I try at least once a year to do a Chicken Stocktake, mostly to fix in my head the numbers and types of our ever changing flock of chickens. The old girls die, youngsters are born or accidents happen like last weeks and we lose a girl suddenly.
Some good news to share with you all is that we got one of our stolen girls back :-)
She had been chucked over the hedge into a field of sheep and one of our neighbours spotted her fending for herself and let us know. It took Alan literally two minutes to catch her and bring her home ... where she got stuck into the Layers Pellets like a thing possessed.
So with her return to the flock it seemed like a good time to do this years stocktake.
Heading his harem of lovely ladies is Jack, the Lavender Pekin Bantam cockerel, who is now a magnificent mature specimen of miniature manhood.
Once again, thank goodness, we have four 'Green Girls'.
We have four 'Blue Girls'. they are named as such from the bands on their legs, so we can remember when we bought them, although in this instance the purchases were only two weeks apart.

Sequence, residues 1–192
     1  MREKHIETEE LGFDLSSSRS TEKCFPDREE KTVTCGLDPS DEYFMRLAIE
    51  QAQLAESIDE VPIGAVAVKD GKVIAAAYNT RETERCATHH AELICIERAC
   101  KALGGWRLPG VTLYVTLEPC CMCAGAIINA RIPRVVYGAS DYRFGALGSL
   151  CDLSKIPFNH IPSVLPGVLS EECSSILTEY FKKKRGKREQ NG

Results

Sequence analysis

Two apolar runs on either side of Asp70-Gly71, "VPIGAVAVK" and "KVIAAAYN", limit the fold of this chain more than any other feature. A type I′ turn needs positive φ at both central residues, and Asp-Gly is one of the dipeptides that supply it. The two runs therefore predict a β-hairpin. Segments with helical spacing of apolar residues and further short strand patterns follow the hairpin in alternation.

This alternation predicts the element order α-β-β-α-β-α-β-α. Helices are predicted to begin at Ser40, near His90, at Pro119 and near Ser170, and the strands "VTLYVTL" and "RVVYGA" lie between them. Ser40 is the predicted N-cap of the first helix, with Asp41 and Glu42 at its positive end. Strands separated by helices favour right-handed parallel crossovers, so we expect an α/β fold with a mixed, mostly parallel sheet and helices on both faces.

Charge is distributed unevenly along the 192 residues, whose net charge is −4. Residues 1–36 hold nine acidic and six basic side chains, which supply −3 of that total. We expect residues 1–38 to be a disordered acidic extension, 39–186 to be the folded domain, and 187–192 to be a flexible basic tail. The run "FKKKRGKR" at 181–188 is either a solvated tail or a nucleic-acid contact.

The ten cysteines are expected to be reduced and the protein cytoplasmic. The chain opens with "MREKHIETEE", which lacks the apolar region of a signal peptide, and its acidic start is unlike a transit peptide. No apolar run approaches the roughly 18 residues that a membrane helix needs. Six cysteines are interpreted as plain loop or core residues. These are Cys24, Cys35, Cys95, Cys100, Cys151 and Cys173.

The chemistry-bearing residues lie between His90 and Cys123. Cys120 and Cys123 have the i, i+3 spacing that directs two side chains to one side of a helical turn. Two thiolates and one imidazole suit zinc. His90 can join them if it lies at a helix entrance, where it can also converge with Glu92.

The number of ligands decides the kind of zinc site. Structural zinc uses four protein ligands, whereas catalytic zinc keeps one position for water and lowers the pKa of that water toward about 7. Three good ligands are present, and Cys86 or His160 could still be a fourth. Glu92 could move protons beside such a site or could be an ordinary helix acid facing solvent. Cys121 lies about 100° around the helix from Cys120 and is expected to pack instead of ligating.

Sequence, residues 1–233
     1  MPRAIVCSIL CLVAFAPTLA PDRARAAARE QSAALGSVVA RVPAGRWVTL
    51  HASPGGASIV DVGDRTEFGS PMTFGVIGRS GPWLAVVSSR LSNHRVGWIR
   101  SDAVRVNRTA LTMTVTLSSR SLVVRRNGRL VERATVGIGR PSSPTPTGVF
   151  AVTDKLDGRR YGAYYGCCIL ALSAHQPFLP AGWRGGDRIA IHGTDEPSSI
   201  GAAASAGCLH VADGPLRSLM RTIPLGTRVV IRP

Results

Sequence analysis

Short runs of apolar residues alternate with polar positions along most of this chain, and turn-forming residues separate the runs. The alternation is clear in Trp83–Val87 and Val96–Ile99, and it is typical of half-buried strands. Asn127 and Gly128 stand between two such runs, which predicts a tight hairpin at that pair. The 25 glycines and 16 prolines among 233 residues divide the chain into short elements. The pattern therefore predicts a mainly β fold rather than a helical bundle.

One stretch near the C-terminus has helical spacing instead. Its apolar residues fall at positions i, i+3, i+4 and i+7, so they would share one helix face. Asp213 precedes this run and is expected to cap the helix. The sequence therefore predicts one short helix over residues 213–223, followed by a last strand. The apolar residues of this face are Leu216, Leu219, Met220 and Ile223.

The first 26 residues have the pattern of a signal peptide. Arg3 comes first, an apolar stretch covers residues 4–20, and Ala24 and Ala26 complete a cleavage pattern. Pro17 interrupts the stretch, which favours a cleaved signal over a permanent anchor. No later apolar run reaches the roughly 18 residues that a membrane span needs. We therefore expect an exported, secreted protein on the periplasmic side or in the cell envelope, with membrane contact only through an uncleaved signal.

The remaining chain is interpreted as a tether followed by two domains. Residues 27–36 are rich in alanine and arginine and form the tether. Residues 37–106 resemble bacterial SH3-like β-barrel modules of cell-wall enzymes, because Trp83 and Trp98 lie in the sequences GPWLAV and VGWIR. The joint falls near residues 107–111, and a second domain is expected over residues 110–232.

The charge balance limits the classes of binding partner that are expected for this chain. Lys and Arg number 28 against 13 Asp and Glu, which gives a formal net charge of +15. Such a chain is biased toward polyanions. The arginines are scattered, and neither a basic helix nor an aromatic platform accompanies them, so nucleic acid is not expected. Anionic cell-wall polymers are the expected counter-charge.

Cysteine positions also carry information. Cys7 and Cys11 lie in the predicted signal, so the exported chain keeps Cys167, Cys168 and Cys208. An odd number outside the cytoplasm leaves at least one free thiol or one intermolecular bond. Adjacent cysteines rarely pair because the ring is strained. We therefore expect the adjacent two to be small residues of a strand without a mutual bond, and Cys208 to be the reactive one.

These are all Calder Rangers.
We have one Light Sussex cross.
We have two older Calder Rangers.
Our older girl is Harriet the Light Sussex, she's approximately six years old now.
There is Jack's sister Jill.
We have one remaining Skyline, our blue egg layer.
We have two of last years 'Welsh Girls'.
We also have Poppy, another Lavender Pekin Bantam and one of our original girls, born way back in 2011.
There is one Large Black Maran left from 'The Gang', and she is feeling very sorry for herself with her sister and best friend gone.
And last but not least, there is Ebony, the Black Pekin Bantam, usually to be found in the nesting boxes ... she not particularly broody, but just likes her own company most of the time.
And that completes this years stocktake -
3 Pekin Bantams
16 large chickens
(of which 12 are regular layers)
And after munching their way through lots of spinach leaves while I got these photos, the chickens all then trooped back off into the woods to carry on with their chickeny business for the day.